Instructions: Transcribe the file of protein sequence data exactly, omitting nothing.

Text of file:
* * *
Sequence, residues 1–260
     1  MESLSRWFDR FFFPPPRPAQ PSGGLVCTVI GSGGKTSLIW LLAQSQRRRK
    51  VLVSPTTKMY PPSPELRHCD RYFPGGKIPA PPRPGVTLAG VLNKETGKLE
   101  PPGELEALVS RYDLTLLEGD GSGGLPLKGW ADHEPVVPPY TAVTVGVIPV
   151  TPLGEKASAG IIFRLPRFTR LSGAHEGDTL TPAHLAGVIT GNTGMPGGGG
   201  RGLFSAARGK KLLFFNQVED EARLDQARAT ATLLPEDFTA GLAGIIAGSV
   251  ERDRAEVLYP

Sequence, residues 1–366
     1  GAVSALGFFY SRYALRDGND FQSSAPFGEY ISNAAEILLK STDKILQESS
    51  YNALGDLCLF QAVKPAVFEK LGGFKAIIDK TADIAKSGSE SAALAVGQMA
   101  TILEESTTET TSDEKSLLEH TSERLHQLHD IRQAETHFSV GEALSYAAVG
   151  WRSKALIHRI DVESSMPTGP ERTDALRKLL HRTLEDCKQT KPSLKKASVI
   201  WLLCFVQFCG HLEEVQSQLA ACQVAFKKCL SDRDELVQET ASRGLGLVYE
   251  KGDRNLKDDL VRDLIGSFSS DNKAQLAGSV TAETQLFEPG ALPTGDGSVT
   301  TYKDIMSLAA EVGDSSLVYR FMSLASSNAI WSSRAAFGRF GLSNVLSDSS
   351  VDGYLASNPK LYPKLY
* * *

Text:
Sequence, residues 1–260
     1  MESLSRWFDR FFFPPPRPAQ PSGGLVCTVI GSGGKTSLIW LLAQSQRRRK
    51  VLVSPTTKMY PPSPELRHCD RYFPGGKIPA PPRPGVTLAG VLNKETGKLE
   101  PPGELEALVS RYDLTLLEGD GSGGLPLKGW ADHEPVVPPY TAVTVGVIPV
   151  TPLGEKASAG IIFRLPRFTR LSGAHEGDTL TPAHLAGVIT GNTGMPGGGG
   201  RGLFSAARGK KLLFFNQVED EARLDQARAT ATLLPEDFTA GLAGIIAGSV
   251  ERDRAEVLYP

Sequence, residues 1–366
     1  GAVSALGFFY SRYALRDGND FQSSAPFGEY ISNAAEILLK STDKILQESS
    51  YNALGDLCLF QAVKPAVFEK LGGFKAIIDK TADIAKSGSE SAALAVGQMA
   101  TILEESTTET TSDEKSLLEH TSERLHQLHD IRQAETHFSV GEALSYAAVG
   151  WRSKALIHRI DVESSMPTGP ERTDALRKLL HRTLEDCKQT KPSLKKASVI
   201  WLLCFVQFCG HLEEVQSQLA ACQVAFKKCL SDRDELVQET ASRGLGLVYE
   251  KGDRNLKDDL VRDLIGSFSS DNKAQLAGSV TAETQLFEPG ALPTGDGSVT
   301  TYKDIMSLAA EVGDSSLVYR FMSLASSNAI WSSRAAFGRF GLSNVLSDSS
   351  VDGYLASNPK LYPKLY